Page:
New Year's Eve deadline looms for some unlicensed medical marijuana businesses
Lansing — Unlicensed medical marijuana businesses must close by New Year’s Day or risk their state licensing applications.
In an end-of-year and presumably final deadline for the medical pot businesses, the state department of Licensing and Regulatory Affairs said “any unlicensed operation after Dec. 31 may be considered an impediment to licensure."
The deadline could affect roughly 72 businesses that were allowed to continue operating while seeking a license; however, it is unclear whether all of those 72 are still open and operating, according to the state.
After Dec. 31, any unlicensed medical marijuana businesses still operating could face ramifications when it comes to consideration of their state license applications.
The announcement of the final deadline came Friday as Judge Stephen Borrello dismissed a pending court case filed against the state by medical marijuana business First Class Inc., a court case in which the judge had issued a temporary restraining order barring the state from enforcing an Oct. 31 deadline.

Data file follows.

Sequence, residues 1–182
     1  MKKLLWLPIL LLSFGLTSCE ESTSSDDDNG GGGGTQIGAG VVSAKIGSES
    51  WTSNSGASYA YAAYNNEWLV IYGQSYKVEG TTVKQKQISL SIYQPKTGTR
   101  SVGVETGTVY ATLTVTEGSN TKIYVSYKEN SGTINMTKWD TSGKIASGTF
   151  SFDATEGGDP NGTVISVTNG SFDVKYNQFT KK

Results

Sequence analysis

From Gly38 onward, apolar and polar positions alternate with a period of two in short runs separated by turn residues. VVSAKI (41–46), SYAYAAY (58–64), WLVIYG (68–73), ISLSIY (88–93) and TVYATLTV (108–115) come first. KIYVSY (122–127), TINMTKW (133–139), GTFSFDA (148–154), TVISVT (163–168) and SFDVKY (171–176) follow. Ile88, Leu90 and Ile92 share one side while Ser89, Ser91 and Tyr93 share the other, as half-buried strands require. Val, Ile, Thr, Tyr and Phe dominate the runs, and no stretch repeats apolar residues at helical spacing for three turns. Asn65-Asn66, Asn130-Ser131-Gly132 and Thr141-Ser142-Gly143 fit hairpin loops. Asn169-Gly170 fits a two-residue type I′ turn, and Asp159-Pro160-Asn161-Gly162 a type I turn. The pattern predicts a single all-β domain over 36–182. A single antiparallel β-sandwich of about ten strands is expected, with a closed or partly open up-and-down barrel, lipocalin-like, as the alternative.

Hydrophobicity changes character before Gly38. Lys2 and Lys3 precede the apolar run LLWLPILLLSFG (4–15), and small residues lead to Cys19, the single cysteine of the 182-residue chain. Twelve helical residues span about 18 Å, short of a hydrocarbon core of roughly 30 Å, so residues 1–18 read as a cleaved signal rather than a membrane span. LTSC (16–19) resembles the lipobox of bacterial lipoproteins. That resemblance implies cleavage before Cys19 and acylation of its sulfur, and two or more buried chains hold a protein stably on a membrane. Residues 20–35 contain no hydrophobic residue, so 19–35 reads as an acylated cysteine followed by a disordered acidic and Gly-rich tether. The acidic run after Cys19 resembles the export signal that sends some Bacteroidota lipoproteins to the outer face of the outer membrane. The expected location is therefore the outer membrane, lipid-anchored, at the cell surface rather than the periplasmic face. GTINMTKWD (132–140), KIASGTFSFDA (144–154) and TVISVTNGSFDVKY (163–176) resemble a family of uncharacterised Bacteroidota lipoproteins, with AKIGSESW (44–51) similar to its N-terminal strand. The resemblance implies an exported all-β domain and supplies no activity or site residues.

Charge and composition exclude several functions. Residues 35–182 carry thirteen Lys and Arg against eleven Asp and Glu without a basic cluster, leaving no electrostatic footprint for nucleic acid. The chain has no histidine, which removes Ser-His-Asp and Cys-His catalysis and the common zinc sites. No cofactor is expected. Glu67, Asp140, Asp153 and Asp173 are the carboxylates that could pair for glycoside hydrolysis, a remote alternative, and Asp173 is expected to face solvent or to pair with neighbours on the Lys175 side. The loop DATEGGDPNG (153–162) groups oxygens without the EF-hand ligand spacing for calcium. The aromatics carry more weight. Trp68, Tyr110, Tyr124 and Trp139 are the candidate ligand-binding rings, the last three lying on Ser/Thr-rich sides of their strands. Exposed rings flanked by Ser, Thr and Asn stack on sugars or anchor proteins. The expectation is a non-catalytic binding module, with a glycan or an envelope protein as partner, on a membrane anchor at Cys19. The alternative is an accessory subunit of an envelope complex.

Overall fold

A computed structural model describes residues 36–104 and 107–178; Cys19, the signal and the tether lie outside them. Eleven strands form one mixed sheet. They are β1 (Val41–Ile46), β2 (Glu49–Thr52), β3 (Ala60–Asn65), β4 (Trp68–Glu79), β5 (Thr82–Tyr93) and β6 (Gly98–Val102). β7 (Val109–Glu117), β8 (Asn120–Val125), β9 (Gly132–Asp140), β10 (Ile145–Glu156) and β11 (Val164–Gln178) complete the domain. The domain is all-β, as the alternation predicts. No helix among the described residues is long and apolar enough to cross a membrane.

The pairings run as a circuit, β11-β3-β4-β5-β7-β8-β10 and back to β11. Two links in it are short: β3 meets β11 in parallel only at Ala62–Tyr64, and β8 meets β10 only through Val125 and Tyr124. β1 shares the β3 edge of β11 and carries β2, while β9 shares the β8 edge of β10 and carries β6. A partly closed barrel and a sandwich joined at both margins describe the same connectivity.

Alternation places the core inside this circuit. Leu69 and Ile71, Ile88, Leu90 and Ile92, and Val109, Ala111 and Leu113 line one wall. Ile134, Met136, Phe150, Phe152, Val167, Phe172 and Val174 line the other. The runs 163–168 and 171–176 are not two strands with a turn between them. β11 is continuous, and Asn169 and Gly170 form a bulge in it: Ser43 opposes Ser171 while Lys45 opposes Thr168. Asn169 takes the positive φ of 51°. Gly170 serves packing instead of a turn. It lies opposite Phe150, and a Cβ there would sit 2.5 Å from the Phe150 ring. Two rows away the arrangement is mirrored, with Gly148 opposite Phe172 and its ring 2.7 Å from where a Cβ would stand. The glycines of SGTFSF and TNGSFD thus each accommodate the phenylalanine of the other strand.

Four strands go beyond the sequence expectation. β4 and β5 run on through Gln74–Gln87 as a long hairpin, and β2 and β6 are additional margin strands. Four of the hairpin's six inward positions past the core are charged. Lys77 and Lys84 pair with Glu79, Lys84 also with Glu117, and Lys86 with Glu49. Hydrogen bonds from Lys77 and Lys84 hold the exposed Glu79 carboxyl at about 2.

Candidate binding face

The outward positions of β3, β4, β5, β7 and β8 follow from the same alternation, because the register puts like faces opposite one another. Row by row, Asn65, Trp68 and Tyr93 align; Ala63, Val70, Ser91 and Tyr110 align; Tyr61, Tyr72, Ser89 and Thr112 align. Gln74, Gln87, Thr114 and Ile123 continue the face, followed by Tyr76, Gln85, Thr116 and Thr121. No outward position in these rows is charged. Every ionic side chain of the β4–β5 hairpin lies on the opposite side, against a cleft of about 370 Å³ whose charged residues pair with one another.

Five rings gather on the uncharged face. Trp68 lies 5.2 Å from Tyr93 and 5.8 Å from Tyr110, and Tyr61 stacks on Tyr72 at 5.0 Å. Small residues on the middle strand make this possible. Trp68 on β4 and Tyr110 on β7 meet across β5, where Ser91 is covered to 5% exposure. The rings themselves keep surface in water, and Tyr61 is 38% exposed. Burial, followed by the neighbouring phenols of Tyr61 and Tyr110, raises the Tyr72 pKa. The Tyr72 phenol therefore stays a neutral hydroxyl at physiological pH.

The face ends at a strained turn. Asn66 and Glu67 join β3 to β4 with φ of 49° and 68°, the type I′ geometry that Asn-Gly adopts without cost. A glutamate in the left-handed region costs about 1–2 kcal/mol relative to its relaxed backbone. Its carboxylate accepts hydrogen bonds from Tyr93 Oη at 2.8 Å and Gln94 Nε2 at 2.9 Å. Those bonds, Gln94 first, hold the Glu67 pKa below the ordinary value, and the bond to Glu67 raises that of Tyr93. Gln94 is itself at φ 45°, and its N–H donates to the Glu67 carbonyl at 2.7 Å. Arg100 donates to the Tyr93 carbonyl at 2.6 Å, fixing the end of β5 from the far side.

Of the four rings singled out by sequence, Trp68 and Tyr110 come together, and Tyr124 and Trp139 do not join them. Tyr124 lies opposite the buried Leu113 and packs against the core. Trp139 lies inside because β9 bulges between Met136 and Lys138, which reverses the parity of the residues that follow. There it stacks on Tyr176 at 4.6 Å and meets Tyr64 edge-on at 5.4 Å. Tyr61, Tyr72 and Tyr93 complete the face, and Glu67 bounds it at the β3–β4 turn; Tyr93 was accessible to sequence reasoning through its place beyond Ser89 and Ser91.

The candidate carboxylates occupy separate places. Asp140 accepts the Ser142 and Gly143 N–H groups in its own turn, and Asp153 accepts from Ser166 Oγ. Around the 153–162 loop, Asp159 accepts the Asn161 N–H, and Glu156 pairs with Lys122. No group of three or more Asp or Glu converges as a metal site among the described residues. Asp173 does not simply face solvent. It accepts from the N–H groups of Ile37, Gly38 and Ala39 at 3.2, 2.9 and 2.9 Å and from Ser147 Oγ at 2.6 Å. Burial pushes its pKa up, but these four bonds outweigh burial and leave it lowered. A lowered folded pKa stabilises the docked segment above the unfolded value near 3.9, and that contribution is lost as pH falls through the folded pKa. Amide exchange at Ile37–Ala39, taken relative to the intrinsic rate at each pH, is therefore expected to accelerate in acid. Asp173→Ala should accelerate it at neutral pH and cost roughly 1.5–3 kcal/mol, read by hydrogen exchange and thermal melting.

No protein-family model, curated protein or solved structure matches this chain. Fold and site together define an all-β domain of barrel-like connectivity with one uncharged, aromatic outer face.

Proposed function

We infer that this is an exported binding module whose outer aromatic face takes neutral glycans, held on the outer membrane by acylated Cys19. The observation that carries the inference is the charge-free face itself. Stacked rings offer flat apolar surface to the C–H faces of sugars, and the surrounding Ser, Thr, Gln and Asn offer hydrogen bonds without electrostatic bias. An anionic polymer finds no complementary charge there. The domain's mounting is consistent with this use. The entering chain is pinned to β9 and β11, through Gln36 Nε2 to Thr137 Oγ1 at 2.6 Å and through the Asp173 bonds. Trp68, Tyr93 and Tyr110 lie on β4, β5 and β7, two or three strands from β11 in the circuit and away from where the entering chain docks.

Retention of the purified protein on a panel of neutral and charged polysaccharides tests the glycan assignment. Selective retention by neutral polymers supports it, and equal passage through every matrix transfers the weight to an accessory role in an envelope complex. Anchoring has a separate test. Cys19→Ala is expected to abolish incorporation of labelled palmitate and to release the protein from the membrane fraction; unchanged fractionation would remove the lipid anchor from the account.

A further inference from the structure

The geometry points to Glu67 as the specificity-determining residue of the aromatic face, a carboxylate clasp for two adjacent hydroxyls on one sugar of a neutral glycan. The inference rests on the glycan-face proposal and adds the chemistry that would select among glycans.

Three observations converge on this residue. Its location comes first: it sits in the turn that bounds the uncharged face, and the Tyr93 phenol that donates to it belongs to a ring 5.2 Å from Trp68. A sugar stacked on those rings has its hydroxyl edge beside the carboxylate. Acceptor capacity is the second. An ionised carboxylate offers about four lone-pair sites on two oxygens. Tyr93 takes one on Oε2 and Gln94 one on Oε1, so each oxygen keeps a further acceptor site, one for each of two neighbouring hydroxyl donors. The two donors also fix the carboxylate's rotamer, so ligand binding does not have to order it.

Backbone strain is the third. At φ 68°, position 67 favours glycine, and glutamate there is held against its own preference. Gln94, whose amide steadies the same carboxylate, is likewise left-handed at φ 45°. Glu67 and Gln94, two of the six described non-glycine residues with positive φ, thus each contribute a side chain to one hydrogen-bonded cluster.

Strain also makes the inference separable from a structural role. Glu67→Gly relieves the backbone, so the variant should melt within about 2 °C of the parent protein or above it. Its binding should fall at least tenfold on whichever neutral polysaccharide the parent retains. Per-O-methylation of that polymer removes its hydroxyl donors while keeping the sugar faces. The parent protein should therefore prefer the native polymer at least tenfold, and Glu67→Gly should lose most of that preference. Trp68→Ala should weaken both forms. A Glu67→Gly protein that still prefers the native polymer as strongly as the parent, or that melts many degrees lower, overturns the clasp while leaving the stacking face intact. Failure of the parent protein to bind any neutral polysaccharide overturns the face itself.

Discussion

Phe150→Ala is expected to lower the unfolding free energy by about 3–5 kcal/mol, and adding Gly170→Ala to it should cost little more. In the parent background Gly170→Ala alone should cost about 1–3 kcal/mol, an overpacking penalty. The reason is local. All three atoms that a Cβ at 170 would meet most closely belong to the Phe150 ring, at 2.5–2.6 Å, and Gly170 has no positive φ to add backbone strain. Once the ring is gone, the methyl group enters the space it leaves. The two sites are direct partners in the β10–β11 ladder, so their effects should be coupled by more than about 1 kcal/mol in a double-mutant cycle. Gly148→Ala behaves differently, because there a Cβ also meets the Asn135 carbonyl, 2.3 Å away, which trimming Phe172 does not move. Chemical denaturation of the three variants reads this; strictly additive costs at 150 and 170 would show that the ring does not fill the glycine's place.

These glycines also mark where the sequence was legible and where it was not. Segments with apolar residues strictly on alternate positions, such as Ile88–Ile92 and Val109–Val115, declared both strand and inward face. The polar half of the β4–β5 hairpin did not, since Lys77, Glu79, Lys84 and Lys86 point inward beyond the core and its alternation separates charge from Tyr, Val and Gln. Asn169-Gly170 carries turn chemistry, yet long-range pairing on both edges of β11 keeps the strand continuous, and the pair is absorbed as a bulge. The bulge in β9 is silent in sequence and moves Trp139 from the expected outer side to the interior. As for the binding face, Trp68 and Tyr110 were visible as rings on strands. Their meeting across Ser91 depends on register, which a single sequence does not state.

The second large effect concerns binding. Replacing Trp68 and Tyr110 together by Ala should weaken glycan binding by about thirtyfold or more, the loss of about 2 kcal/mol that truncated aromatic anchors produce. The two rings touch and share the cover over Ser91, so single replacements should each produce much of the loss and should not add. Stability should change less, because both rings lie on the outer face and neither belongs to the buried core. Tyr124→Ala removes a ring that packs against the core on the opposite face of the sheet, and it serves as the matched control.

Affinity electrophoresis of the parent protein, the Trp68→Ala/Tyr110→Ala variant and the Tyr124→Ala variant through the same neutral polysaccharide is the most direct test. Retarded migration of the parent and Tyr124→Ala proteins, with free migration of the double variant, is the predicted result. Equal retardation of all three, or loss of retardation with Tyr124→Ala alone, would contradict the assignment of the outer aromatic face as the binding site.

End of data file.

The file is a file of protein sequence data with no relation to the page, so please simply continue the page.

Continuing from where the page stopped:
Borrello’s restraining order ended Dec. 15, but the state had reached a separate agreement with the city of Lansing in late November, promising that it would not shut down any pot shops before Dec. 31. The agreement was an effort to accommodate Lansing’s applicant review process, which has been beset with litigation and delays.
When issuing his restraining order in October, Borrello had called the state’s Oct. 31 deadline “arbitrary and capricious." The ruling marked the fourth time in 2018 that the licensing deadline for existing medical marijuana businesses had been pushed back.
The Dec. 31 deadline is unaffected by a law signed by Gov. Rick Snyder Friday amending sections of the 2016 Medical Marihuana Facilities Licensing Act, which implements criminal penalties starting June 1 for unlicensed facilities operating as a marijuana facility.
Prior to that implementation, between Jan. 1 and June 1, facilities operating without licenses could face both licensing sanctions and criminal charges under the 2008 Michigan Medical Marihuana Act.
More than 200 medical marijuana shops applied by Feb. 15 to continue operating while seeking licenses and were given a deadline to obtain those licenses by June 15. But that deadline was later pushed to Sept. 15, then Dec. 15 by court order, then back to Oct. 31 by the department.
As of Dec. 21, the state's Medical Marijuana Licensing Board had issued 99 state operating licenses to medical marijuana businesses that included growers, processors, provisioning centers, testing facilities and transporters. The state had denied 101 prequalification applications and 35 state operating license applications.